We use our expertise and our experimental tools to investigate the properties of biological materials and to study the behavior of cells. Much of our focus is on developing an understanding of the mechanical properties of biopolymer networks, formed by reconstituting proteins into gelled networks. These include networks of actin, microtubules, intermediate filaments, fibrin and collagen. We combine visualization of the network structure with probes of their mechanical properties to understand the nature of these properties. We also add molecular motors to the networks to investigate the properties of active gels. In addition, we extend our investigations to study the mechanical properties of cells and collections of cells. We also have an effort in understanding the growth and physical properties of biofilms.

Here are some current projects from our group:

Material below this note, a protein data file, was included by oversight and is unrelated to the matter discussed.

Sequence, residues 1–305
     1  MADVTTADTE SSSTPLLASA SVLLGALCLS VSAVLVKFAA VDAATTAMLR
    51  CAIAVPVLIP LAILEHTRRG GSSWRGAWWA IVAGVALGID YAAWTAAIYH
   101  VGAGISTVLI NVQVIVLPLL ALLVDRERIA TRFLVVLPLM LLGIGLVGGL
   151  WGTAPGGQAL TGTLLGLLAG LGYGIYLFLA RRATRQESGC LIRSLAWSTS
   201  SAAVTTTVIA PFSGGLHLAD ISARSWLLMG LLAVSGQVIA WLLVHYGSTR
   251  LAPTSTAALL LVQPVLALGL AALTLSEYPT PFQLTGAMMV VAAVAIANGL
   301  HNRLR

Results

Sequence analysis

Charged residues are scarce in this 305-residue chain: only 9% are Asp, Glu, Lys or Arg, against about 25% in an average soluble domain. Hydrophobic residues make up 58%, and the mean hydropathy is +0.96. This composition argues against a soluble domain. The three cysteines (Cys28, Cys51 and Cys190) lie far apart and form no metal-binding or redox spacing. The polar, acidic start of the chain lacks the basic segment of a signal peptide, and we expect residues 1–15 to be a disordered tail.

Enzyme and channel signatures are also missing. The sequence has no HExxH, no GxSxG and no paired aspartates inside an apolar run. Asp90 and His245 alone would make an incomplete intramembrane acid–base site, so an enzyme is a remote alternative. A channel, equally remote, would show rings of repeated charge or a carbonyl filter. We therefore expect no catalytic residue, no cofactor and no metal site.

Decoupling the effects of nanopore size and surface roughness on the attachment, spreading and differentiation of bone marrow-derived stem cells: The nanopore size and roughness of nanoporous surface are two critical variables in determining stem cell fate, but little is known about the contribution from each cue individually. To address this gap, we use two-dimensional nanoporous membranes with controlled nanopore size and roughness to culture bone marrow-derived mesenchymal stem cells (BMSCs), and study their behaviors such as attachment, spreading and differentiation, as shown in Figure 1. We find that increasing the roughness of nanoporous surface has no noticeable effect on cell attachment, and only slightly decreases cell spreading areas and inhibits osteogenic differentiation. However, BMSCs cultured on membranes with larger nanopores have significantly fewer attached cells and larger spreading areas. Moreover, these cells cultured on larger nanopores undergo enhanced osteogenic differentiation by expressing more alkaline phosphatase, osteocalcin, osteopontin, and secreting more collagen type I. These results suggest that although both nanopore size and roughness can affect BMSCs, nanopore size plays a more significant role than roughness in controlling BMSC behavior. Jing Xia